Slowly he turns his head. Ground-dwellers! A whole pack of them! They are running towards the aquatics, waving sticks of some kind. His companions see the danger at the same time, and try to move more quickly. However, their laborious humping motion is not conducive to haste, and anyway they cannot move faster than the spherical bubble containing their harvest - the only reason they are here in this hostile environment in the first place. The ground-dwellers quickly surround them, and as their hazy shapes appear before him Ghloob notices something different about them. They are each carrying something: something like a blade at the end of a stick.
Ghloob has not much time to notice anything else, as he ducks out of the way to avoid them, but after heaving himself along the ground for some distance he turns to look back. The ground-dwellers have all set upon one of his companions. They have plunged their weapons into his membrane and are pulling it apart. With two creatures pulling in different directions this turns out to be very easy, and the membrane collapses in a gush of water leaving the stranded aquatic gasping in the circle of wet mud.
Ghloob and the others crawl frantically away, towards the tempting but distant sea, panic rising within them; with good reason, for the party of ground-dwellers leave the dying aquatic and come running after the straggler of the group and fling themselves upon him. Ghloob does not stay to watch this time, but keeps wriggling.
With every jump and jerk he expects to be attacked from behind, and his membrane torn away from him. The waves of the ocean come closer and closer, but agonizingly slowly. Will he make it before they catch him? He tries not to think about it, and keeps going.
With an intense feeling of joy he feels the pressure of the first wave close around him. He is safe, and at last he can look around. The bubble with one of his companions and the gathered food has reached the sea. The food is also safe, but at what cost? Three companions are lost - punctured, dehydrated and slaughtered on the distant dusty dryness.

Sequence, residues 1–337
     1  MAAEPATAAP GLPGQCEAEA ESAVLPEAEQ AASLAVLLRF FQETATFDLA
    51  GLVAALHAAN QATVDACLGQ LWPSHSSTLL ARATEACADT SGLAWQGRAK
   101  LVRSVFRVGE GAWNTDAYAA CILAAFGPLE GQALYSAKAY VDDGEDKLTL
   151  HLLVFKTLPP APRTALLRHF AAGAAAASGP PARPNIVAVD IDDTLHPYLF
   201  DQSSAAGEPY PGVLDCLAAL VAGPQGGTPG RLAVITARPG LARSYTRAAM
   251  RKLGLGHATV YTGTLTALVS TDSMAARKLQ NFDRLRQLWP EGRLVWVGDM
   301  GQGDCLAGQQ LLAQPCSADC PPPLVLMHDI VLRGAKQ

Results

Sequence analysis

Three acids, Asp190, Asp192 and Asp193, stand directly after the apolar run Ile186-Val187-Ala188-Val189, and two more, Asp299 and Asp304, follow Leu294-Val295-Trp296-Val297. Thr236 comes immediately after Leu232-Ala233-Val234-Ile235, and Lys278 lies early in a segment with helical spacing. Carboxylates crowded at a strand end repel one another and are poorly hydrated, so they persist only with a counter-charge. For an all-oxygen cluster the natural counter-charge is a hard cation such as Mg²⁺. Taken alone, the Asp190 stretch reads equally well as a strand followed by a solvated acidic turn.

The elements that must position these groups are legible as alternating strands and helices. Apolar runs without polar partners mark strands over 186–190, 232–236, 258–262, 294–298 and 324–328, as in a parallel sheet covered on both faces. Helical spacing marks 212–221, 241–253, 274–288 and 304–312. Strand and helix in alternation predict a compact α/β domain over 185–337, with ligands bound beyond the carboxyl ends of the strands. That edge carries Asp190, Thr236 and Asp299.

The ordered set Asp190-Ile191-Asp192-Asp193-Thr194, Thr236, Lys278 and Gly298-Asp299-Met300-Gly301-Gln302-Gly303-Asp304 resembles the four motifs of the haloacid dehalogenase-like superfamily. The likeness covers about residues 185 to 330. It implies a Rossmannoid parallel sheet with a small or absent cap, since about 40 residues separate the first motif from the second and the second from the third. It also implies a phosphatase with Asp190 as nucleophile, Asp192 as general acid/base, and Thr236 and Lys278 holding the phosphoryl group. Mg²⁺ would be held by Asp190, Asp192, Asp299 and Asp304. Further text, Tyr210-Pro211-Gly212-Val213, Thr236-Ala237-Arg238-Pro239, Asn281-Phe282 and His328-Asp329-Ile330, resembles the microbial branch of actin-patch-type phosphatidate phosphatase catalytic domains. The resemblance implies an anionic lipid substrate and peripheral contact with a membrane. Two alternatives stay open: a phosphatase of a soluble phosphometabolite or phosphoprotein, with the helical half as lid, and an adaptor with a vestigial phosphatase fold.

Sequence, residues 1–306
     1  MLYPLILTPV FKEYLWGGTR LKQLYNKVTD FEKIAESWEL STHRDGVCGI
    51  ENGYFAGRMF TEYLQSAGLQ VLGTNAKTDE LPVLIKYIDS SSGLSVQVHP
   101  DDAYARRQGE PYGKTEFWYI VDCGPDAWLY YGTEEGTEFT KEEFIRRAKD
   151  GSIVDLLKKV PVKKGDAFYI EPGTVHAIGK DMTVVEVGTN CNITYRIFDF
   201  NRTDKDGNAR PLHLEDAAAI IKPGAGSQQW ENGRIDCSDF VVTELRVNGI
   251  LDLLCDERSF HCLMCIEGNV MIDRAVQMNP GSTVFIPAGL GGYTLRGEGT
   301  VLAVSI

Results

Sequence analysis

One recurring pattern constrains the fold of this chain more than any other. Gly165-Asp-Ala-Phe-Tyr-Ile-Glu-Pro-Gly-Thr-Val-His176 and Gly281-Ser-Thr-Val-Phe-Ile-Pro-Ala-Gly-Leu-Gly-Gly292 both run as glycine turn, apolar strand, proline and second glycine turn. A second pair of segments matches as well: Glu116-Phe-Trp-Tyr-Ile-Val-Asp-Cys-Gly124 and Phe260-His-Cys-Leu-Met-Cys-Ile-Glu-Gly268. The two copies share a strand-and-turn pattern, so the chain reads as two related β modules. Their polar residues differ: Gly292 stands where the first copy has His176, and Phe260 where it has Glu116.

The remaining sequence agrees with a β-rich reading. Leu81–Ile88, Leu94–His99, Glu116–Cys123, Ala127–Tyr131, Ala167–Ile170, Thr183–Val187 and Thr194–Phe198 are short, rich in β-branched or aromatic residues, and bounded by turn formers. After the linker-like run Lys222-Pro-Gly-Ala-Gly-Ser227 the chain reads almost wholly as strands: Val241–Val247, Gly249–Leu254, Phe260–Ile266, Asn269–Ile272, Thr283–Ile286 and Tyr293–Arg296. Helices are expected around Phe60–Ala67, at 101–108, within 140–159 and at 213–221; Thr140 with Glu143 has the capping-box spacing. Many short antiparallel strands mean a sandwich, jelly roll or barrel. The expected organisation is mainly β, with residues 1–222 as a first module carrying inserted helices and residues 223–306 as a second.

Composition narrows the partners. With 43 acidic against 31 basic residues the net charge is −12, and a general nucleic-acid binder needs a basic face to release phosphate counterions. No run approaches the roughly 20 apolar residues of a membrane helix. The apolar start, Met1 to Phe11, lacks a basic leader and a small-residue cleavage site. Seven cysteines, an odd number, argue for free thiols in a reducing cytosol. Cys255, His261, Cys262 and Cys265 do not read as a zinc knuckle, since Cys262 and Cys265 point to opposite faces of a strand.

The ground-dwellers have never fought like this before. Perhaps the aquatic harvesting has had such an effect on their lifestyle that they have had to adopt these extreme measures to fight back. Maybe the conflict and strife have forced them to find new ways of living and organizing themselves just to survive.
Ghloob’s algal envelope dissipates now that he is fully submerged, and with graceful movements he descends the sloping seabed until he is below the push and pull of the waves, and home. Now he has time to ponder. Is this organization and use of weapons by the ground-dwellers to be a feature of all such attacks in the future? Has the aquatics’ exploitation of the land made even that more hazardous? Is there nothing that they can do to feed their people without making things worse and worse and worse, and destroying everything that they have? Is this to be the continuing fate of intelligent life above and below the water?
|FOREWORD by Brian Aldiss||8|
|INTRODUCTION – EVOLUTION AND MAN||11|
|IN THE BEGINNING||16|
|The Human Story So Far||16|
|8 MILLION YEARS AGO
|3 MILLION YEARS AGO
|2.5 MILLION YEARS AGO
|1.5 MILLION YEARS AGO
|500,000 YEARS AGO
|15,000 YEARS AGO
|5000 YEARS AGO
|2000 YEARS AGO
|1000 YEARS AGO
|500 YEARS AGO
|100 YEARS AGO||19|
|MAN AFTER MAN||22|
200 YEARS HENCE
|Piccarblick the aquamorph
|Cralym the vacuumorph
|Jimez Smoot the space traveller
|Kyshu Kristaan the squatty||29|
300 YEARS HENCE
|Haron Solto and his mechanical cradle
|Greerath Hulm and the future
|Hueh Chuum and his love
500 YEARS HENCE
|Gram the engineered plains-dweller
|Kule Taaran and the engineered forest-dweller
|Knut the engineered tundra-dweller
|Relia Hoolann and cultured cradles
|Fiffe Floria and the Hitek
|Carahudru and the woodland-dweller||48|
1000 YEARS HENCE
|Klimasen and the beginning of change
|The end of Yamo
|Weather patterns and the Tics
|Hoot, the temperate woodland-dweller
|The end of Durian Skeel
2000 YEARS HENCE
|Rumm the forest-dweller
|Larn the plains-dweller
|Coom’s new friend
|Yerok and the Tool||61|
5000 YEARS HENCE
|Snatch and the tundra-dweller
10,000 YEARS HENCE
|Leader of the clan
|Disappearance of the plains
50,000 YEARS HENCE
|Families of plains-dwellers
|The advancing desert
|Schools of aquatics
500,000 YEARS HENCE
|Strings of socials
1 MILLION YEARS HENCE
|Hunters and carriers
2 MILLION YEARS HENCE
3 MILLION YEARS HENCE
|Slothmen and spiketooths||111|
5 MILLION YEARS HENCE
|In the end is the beginning ...||123|